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In programming you can negate a double. At least Google hits tend to that, but there are, though, a lot of hits for invert a double.

While the definition of to invert is clear

to invert:

to change the normal position of something, especially by turning it upside down or by arranging it in the opposite order

the definition of to negate seems to have a bit different meaning

to negate:

1 to stop something from having any effect

2 to state that something does not exist

Other dictionaries like merriam-wesbster back that up:

to deny the existence or truth of

to cause to be ineffective or invalid

Having said that I wonder why there are so many Google hits for to negate a double. We neither make it invalid nor we cease its existence.

I found one definition that goes into the direction of turning a value to its opposite but the definition fits more to a boolean than a double because NOT 5 is unequal to MINUS 5.

Computer Science: To perform the machine logic operation NOT gate. thefreedictionary

But the noun negation fits at all:

negation:

the exact opposite of something; the act of causing something not to exist or to become its opposite

So, why do we negate a double instead of invert a double?

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closed as not a real question by FumbleFingers, MετάEd, Matt Эллен, StoneyB, tchrist Sep 26 '12 at 1:23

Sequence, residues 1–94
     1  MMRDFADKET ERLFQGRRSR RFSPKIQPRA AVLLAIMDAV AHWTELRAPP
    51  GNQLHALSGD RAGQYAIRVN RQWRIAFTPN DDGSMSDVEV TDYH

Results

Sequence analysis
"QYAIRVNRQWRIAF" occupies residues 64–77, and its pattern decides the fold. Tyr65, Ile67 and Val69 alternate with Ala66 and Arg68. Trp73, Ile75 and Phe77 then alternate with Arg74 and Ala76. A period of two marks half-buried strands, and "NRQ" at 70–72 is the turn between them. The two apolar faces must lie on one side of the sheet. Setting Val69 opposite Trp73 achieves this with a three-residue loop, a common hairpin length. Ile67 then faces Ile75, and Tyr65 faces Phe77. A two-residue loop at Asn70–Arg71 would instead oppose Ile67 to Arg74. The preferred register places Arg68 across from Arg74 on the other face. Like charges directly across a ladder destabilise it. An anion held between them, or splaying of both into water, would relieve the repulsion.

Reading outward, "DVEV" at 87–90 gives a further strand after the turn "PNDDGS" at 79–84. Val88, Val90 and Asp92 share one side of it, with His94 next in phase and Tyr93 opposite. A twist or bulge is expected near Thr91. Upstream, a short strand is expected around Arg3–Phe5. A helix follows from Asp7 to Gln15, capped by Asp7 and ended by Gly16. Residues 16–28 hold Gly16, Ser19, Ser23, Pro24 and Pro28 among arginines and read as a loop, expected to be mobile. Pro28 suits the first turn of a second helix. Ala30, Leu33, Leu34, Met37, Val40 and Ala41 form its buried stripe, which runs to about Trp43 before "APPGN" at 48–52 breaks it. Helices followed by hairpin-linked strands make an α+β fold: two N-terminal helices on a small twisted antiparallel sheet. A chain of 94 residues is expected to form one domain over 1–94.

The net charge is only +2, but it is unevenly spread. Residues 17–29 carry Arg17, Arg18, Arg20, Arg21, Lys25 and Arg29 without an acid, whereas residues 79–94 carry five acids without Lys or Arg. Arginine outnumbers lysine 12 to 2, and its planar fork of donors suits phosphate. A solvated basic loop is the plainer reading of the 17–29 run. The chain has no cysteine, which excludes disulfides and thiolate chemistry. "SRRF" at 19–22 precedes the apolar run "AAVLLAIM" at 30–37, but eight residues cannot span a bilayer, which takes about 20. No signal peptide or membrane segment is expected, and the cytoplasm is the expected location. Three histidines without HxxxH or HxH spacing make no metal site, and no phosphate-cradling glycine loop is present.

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Can you give a full sentence and the expected meaning? I'm having a hard time coming up with a context where this would mean something. Is it, "I need to find the negation of this number, in my code, it's a double precision floating point, so I need to negate a double." But you wouldn't say in the same context 'invert a double'. Instead of the phrase out of syntactic context, give a full sentence. –  Mitch Apr 5 '12 at 13:40

1 Answer 1

up vote 3 down vote accepted

In mathematics, the negation of x is −x, while the inverse of x is 1/x. You shouldn't necessarily expect the meaning of terms used mathematically to correspond exactly to the ordinary English meaning of the terms.

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Oh yes, I see. You're absolutely right. I think I suffered from a tunnel vision. –  Em1 Apr 5 '12 at 14:56

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